I think a lot of artists take themselves way too seriously. Sure, I get it: you're immersed in your work and it means a lot to you, and you often come out of the creative process feeling raw and vulnerable, but if you stay in that emotional zone forever you're going to end up alienating other people and putting constraints on your work that shouldn't be there.
I suppose it goes without saying, but I've fell into this kind of trap before. But more recently I've been trying to take a step back from debilitating immersion in the creative process and take it less seriously, make it more simple, and try and laugh at situations — even myself — more when things don't go as planned or altogether flop.
Truthfully, it's put me in a way better artistic place; approaching art in a way that is less catastrophic and intense, and more experimental, more joyous, and more about the process than the end goal; making art because it's what I love to do, and from there, thinking more about how I might use it to bring joy and positivity into other peoples' lives than I do about how much people will or won't like it.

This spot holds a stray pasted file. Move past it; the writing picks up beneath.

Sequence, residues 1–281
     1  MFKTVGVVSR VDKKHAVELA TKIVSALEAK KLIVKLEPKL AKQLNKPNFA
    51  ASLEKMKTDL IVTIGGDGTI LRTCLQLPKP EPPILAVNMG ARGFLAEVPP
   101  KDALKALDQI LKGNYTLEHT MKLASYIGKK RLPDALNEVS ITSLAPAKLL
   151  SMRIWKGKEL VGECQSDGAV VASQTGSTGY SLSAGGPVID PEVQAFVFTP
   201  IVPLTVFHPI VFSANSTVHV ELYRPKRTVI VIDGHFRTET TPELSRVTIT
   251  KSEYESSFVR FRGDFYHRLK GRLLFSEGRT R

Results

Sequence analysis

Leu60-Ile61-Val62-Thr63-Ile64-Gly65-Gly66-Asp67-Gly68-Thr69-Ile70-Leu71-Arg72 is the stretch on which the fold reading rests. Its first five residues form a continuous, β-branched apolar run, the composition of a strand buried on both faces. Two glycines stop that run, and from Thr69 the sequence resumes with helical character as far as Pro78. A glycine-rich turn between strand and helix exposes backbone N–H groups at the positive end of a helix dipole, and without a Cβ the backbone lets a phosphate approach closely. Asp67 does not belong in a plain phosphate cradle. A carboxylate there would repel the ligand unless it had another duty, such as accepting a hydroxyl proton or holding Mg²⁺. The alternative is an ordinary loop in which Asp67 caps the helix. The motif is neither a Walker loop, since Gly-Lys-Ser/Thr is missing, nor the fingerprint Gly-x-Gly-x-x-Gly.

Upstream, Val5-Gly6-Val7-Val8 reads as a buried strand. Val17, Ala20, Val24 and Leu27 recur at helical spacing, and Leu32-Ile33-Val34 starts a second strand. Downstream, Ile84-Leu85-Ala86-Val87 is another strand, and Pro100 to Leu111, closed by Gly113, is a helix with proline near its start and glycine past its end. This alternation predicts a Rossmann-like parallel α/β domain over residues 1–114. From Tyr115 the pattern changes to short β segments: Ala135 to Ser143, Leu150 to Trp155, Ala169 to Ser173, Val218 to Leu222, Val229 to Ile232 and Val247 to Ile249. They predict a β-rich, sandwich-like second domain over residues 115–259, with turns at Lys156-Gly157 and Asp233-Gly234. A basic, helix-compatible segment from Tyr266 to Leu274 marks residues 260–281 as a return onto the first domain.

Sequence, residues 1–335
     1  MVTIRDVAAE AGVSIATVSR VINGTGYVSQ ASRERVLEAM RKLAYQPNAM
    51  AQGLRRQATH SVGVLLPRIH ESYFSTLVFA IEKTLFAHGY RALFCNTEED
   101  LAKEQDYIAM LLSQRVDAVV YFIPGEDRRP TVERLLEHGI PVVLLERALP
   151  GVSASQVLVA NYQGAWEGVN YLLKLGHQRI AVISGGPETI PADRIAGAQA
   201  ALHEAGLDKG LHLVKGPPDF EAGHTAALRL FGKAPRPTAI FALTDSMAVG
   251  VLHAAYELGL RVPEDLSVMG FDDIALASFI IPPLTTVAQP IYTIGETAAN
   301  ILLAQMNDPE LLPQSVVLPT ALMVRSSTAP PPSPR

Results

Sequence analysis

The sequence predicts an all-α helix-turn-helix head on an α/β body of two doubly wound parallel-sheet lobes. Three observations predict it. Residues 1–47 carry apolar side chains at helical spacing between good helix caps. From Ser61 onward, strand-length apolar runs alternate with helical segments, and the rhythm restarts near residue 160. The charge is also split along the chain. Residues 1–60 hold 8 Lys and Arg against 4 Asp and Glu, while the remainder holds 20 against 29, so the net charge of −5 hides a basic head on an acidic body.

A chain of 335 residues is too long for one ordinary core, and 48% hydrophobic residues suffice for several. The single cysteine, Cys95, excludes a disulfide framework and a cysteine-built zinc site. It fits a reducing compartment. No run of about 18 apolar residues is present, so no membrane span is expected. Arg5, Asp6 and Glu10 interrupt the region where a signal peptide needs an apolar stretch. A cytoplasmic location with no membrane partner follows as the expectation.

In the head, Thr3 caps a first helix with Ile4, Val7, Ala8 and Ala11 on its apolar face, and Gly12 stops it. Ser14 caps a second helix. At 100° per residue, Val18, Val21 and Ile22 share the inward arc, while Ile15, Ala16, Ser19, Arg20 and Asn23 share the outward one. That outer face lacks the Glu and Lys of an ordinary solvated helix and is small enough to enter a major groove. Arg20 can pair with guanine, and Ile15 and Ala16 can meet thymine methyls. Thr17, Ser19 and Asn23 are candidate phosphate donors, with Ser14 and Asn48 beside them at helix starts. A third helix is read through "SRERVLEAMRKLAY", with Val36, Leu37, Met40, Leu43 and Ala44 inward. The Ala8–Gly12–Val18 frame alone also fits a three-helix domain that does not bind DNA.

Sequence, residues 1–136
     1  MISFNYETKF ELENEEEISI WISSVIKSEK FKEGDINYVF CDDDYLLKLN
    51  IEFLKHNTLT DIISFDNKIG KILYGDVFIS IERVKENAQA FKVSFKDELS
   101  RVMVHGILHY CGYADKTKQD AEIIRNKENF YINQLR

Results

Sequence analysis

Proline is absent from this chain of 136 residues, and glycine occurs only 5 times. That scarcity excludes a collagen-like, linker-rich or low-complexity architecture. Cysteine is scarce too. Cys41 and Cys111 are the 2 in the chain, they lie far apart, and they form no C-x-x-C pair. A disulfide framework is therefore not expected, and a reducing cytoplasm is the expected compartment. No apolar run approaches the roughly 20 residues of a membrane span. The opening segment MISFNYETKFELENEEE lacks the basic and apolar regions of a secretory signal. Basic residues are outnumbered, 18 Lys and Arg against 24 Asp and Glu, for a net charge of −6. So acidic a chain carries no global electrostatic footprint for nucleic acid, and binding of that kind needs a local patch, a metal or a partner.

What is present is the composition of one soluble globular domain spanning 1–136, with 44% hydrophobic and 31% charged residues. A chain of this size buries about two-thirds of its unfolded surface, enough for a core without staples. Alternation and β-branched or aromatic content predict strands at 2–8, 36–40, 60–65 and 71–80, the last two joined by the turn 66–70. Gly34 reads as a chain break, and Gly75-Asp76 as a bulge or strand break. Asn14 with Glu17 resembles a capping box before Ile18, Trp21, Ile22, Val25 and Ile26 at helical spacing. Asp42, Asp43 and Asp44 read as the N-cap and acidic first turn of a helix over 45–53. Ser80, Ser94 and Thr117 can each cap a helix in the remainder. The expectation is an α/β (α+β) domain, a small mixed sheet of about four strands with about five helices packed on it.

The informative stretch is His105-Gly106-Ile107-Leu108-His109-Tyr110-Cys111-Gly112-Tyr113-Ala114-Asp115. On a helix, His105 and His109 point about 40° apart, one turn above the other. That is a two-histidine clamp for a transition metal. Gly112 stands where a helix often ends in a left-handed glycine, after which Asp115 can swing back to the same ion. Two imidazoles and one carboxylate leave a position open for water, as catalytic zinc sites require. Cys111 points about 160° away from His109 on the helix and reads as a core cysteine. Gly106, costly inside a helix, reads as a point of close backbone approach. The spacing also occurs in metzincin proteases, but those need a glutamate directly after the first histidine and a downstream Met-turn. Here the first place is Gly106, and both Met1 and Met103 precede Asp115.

So it's interesting, really, how for most of my artistic life I have left humour as a relatively unexplored discipline; usually the closest I get to it in my work being something like satire or sarcasm. But I find myself wondering: what would it look like to explore humour more in my own work?
Anyway, just musing on here about laughter, joy, and humour, and thought it might catalyze some musing of your own.
Do you need to laugh more?